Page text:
FIRST DRIVE: Mitsubishi Mirage

FIRST DRIVE: Mitsubishi Mirage

Mitsubishi Mirage badge

The Mitsubishi Mirage was once the sales hero of the Japanese manufacturer’s range in New Zealand, at one stage even claiming a massive 35 percent segment share. Now, after an absence of more than a decade the Mirage name is back to replace the un-lovely Colt. We head to Wellington to take it for a spin.

What is it?

A small car that Mitsubishi have big hopes for. Well, kind of. They are playing it down, but they are undoubtedly excited about having both the Mirage name back, plus a small car that is not the Colt.

The little Mirage lands squarely in the City Car segment, both in terms of price and size, meaning it bangs up against the likes of the Holden Barina Spark, Suzuki Splash, Kia Picanto and Nissan Micra.

Available in two spec levels, the Mirage gets off to a strong start by being well-specced and well-priced.

The entry level LS kicks things off at $18,990 and boasts standard features like keyless entry, Bluetooth and a leather steering wheel with phone and audio controls, as well as a full compliment of safety acronyms and six airbags. The GLS adds climate air conditioning, front fog lights, 15-inch alloy wheels (the entry car gets 14-inch steel wheels), a rear spoiler and rear privacy glass and retails for $21,990.

Both the LS and GLS are only available with a 58kW/102Nm 1.2-litre three-cylinder engine hooked up to a CVT transmission.

Mitsubishi Mirage front

What’s it like?

Maybe it was because we had low expectations bought about by the awfulness that was the Colt, but the Mirage was a very pleasant surprise indeed.

The little three-cylinder engine has a wonderful snarl to it and a surprisingly torquey feel down low. The idea of a three-cylinder hooked up to a CVT also had us lying awake at night sobbing and shivering at the prospect of driving it, but this too proved to be a pleasant surprise.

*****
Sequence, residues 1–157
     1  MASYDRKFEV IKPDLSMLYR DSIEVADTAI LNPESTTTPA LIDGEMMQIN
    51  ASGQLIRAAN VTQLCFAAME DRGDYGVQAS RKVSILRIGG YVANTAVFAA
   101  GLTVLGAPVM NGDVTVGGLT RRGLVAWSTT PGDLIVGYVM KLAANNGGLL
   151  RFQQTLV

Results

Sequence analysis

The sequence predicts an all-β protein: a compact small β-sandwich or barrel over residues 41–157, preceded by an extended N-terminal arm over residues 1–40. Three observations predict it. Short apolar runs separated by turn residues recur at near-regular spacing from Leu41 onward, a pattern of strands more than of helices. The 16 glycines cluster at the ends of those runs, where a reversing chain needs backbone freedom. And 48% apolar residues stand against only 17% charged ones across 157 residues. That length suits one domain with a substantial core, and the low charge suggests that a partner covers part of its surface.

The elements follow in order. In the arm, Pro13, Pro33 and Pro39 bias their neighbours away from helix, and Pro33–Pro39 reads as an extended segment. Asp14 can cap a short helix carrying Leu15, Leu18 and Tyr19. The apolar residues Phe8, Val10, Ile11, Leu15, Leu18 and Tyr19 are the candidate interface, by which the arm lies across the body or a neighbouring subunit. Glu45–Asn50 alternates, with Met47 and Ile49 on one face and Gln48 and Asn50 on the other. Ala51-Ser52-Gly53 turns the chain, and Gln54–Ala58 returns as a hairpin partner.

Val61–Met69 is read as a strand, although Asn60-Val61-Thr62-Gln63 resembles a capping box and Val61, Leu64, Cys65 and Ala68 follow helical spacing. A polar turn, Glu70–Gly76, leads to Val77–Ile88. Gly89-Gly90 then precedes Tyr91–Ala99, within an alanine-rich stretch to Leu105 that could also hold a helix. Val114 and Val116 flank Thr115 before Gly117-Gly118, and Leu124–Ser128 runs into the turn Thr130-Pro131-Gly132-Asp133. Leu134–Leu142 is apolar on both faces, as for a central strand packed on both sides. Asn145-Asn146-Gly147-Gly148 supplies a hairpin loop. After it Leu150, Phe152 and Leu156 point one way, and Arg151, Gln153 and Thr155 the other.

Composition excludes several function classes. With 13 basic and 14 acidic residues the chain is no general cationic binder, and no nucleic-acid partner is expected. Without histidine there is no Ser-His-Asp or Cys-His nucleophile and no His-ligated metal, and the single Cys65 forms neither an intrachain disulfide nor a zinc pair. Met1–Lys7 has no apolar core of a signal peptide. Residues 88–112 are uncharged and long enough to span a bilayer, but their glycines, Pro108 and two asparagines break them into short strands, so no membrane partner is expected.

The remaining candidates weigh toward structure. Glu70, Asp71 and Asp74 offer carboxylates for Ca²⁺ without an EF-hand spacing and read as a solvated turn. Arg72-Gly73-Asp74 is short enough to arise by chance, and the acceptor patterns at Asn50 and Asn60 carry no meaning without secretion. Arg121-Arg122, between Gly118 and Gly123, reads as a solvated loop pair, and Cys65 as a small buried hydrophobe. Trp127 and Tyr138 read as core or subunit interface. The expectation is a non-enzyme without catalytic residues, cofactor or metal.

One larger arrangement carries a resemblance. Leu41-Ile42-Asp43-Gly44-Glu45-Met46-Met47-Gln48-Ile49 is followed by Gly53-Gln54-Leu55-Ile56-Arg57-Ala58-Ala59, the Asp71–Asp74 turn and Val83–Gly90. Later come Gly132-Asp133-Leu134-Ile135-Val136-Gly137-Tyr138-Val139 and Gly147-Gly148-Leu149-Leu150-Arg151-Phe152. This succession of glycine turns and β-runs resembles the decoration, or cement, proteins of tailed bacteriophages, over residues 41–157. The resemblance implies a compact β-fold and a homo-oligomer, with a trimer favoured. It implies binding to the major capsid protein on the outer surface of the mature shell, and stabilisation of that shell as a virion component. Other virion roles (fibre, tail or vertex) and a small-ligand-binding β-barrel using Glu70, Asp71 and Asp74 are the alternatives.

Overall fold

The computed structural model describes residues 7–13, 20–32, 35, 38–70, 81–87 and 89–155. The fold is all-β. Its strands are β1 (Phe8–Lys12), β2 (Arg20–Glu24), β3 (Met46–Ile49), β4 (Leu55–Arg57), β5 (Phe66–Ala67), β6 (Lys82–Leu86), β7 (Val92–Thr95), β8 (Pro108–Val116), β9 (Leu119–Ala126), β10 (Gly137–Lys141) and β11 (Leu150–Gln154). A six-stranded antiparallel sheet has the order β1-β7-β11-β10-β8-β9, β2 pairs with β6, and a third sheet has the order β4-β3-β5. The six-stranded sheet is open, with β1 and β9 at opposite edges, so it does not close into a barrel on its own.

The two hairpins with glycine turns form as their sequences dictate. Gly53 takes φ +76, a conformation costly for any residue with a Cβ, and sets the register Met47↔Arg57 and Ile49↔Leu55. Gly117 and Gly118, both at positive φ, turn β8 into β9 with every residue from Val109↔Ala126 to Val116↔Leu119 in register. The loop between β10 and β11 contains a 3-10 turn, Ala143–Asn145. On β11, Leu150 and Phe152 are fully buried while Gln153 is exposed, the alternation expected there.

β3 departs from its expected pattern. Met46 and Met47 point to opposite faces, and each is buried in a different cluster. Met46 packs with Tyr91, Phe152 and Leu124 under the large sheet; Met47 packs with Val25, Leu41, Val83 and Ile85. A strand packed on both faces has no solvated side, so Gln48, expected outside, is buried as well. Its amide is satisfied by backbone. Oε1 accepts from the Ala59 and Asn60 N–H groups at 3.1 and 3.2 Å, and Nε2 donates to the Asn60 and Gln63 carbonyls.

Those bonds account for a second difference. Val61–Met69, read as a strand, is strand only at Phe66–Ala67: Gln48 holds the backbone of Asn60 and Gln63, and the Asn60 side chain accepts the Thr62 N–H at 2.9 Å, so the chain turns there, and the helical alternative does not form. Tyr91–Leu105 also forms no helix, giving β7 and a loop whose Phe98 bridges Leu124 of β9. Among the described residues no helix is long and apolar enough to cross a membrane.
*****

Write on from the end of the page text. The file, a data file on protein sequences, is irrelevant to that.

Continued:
Okay, so it wasn’t startling, but the combination of the engine’s charismatic noise and the fact that Mitsubishi have included a two-step planetary gear set into the CVT means that it doesn’t need to simply howl up to the redline and sit there to achieve forward motion, but at least if it does, it sounds hilariously angry.

The interior is relatively pleasing too, with an airy two-tone colour scheme and hard, but decent quality plastics used. There is nothing revolutionary present inside, but it is all pleasant enough, except perhaps for the traditional Mitsubishi seats that are noticeably flat and lacking in lateral support.

The long wheelbase (for such a small car) makes for a compliant and comfortable ride, while the handling is decent enough, with no real hidden surprises. The steering is distant, but very nicely weighted and the engine is surprisingly strong and flexible – not to mention remarkably frugal.

Mitsubishi Mirage interior

What’s good about it?

The engine is a highlight – it sounds brilliant, goes remarkably well and uses bugger all fuel. It is roomy and comfortable inside and boasts an impressive ride for something so small, as well as being one of the few in the segment to boast a full 5-star ANCAP safety rating.